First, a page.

A “long and enjoyable career” with pedigree stock led Limmoshine creator, Andy Frazier, to launch a new podcast series entitled Toplines and Tales last December.
In the space of six months, the 59-year-old’s podcast series has reached over 20,000 downloads in 30 episodes, averaging over 1,000 per week.
Frazier was raised on a family farm, spanning four generations, in Worcestershire, Middle England. His grandfather specialised in soft fruit and poultry, whilst his father ran a large barley beef unit and fattened 4,000 pigs annually.
Speaking to That’s Farming, Andy Frazier said: “I left school to work on the farm at a time when grain prices started to rocket, so the business turned more sheep and arable.”
“I started breeding pedigree Bleu du Maines with my father, which were highly successful. We then moved on to Beltex, where we would import several sheep from Belgium in the early days of the breed.”
“I also ran a flock of Texels, and my mother bred Badger Faced sheep. Besides, I started showing cattle when I was 10, mainly crossbred commercials.”
He eventually left the farm in his mid-twenties to become a freelance stockman and supplied grooming products, which he shipped in from the USA.
Toplines and Tales
Andy moved to France 14 years ago, where he has a small farm. It is home to a dozen Charollais ewes and a flock of Ryeland sheep that he established recently with his wife.
He now shares his time between there and a seaside house in Fife, farming, running his property firm, writing, and most recently, podcasting.
“I did podcasting for my own satisfaction, to begin with, but soon realised that people, particularly farmers, have times when they are in, say, a tractor or pick-up when they want to hear something more than the dreary news channels.”
“A podcast fills that void if it is on point. I guess Covid-enforced isolation helped where we all had a little more time on our hands.”
“I launched the series early December in what would have been Smithfield show week, so I could gather a few of my old pals and talk about then great days down in Earls Court.”
“Having recently lost a few great mines of information such as Jack Ramsay and Donald Biggar, I realised we really should get some of our generation’s stories on record.”
“I am so thankful for the experience and the friends I have made on this journey. It is nice to put a little bit of that back for others to enjoy.”
He made six episodes talking about the show, and the audience grew very fast, mainly cattle show exhibitors to begin with.
“We then talked about some of the older legendary cattlemen; it was brilliant to discuss what they achieved. This was when our audience widened, and we also did a series on the origins of continental animals from Europe.”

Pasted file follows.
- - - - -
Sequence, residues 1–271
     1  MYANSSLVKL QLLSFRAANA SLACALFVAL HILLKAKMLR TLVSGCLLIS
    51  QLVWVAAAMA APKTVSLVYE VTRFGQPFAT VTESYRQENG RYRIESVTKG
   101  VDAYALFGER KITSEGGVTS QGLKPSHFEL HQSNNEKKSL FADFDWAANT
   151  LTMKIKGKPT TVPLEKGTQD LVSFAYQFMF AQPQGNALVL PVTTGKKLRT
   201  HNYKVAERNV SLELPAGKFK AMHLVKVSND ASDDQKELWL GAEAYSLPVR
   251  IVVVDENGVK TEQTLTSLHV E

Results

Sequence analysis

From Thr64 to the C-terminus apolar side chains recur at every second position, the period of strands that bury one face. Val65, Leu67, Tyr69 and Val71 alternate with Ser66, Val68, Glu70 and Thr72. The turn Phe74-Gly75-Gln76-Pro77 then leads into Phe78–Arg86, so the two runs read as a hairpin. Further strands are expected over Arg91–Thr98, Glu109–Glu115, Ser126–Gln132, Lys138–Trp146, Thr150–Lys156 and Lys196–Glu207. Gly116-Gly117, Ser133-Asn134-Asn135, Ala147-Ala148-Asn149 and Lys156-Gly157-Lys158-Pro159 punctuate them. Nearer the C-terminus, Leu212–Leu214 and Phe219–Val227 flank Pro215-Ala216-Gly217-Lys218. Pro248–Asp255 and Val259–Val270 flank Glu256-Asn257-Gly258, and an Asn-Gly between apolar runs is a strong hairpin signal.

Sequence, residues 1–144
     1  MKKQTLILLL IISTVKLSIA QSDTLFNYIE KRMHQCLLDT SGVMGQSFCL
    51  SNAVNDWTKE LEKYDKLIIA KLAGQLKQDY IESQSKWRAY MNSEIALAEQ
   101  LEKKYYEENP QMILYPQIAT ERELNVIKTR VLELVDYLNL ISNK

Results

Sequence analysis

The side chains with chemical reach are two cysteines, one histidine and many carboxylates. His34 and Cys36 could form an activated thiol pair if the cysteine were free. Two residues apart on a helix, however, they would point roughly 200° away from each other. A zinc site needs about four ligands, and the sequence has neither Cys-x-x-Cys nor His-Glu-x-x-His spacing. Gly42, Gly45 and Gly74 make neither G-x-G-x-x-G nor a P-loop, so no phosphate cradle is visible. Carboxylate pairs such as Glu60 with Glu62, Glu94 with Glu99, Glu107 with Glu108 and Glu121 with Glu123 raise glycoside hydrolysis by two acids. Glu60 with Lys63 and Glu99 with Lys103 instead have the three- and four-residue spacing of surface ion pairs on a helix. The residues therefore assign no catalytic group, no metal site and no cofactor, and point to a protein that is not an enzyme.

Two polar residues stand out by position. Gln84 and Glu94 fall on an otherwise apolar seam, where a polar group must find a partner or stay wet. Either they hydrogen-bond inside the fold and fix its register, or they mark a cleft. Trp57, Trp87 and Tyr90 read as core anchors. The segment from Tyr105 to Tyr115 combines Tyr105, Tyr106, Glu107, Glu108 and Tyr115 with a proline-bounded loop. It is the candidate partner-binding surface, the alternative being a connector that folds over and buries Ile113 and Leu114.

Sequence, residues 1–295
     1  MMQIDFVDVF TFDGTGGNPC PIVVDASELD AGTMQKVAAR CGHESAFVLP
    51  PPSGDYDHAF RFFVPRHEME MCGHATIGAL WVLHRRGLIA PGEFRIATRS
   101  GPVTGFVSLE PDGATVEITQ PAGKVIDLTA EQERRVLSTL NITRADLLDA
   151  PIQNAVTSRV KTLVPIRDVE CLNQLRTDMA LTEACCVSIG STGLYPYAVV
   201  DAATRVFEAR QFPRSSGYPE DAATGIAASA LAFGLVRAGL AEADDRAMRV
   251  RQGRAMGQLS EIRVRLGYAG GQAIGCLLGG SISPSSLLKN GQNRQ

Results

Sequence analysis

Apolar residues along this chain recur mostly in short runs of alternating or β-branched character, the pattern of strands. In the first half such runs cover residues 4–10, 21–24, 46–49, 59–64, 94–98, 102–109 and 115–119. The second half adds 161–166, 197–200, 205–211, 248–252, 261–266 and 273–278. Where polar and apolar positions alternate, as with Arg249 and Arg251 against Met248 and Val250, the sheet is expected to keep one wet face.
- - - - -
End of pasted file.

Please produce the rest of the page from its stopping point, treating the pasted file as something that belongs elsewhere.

He releases content every Friday, and whilst his listeners are primarily based in the UK and Ireland, he has produced episodes about the USA and Australia.
“Our subjects are varied, but they are well researched and informative. We have fun making them, which I believe spills over to the listener.”
“Up until now, I have done all the recordings, but we have a few guest hosts lined up, particularly to speak with the younger generation. I do all the editing, which is bloody hard work,” he laughed.
Production and technology
He dedicates two days per week to the series, which Harbro Feeds currently sponsor. As many of his guests are farmers, he completes most recordings in the evenings.
“We try to keep to 40 minutes but usually run to nearly an hour. It takes a lot of research, from all kinds of sources; that is a day right there. The editing is time-consuming and tedious, but I have progressed from novice level now!”
“The hardest thing is the technology. I spent part of my career in IT, but still, I battle with the machinery and always cross my fingers that the recording will come out ok.”
“We had a couple of hiccups in the early days when we had to re-record over an hours’ worth. It is never the same the second time, either.”
“The MacGregors at Allanfauld were very popular as they are such talented breeders. I quite liked researching the continental cattle, which was not easy. But it was great discussing the early influential animals and breeders with folks like Robert Laird, Cambwell who had been there from the get-go.”
“One of our early podcasts was on the Chicago Stockyards, the scale of which was mind-boggling. James Alexander from Jalex was extremely switched on. It was so refreshing to hear how someone had embraced the current situation and made it work for them online.”
“There are still loads of folks out there to speak to, especially the youngsters. I never expected it to get to this stage, but now it has. We are on a rollercoaster, and I cannot see the exits steps.”
“We also run a property business which takes up the rest of my time, but I would like to slow down a little. Having said that, I have a few media jobs coming up, and I enjoy that side of things. As well as 40 books, I have also written a few screen scripts that I would love to see produced.”
You can find Toplines and Tales on iTunes, Spotify, and most other music streaming channels, or see Andy Frazier’s website.
To share your story with That’s Farming, email – [email protected]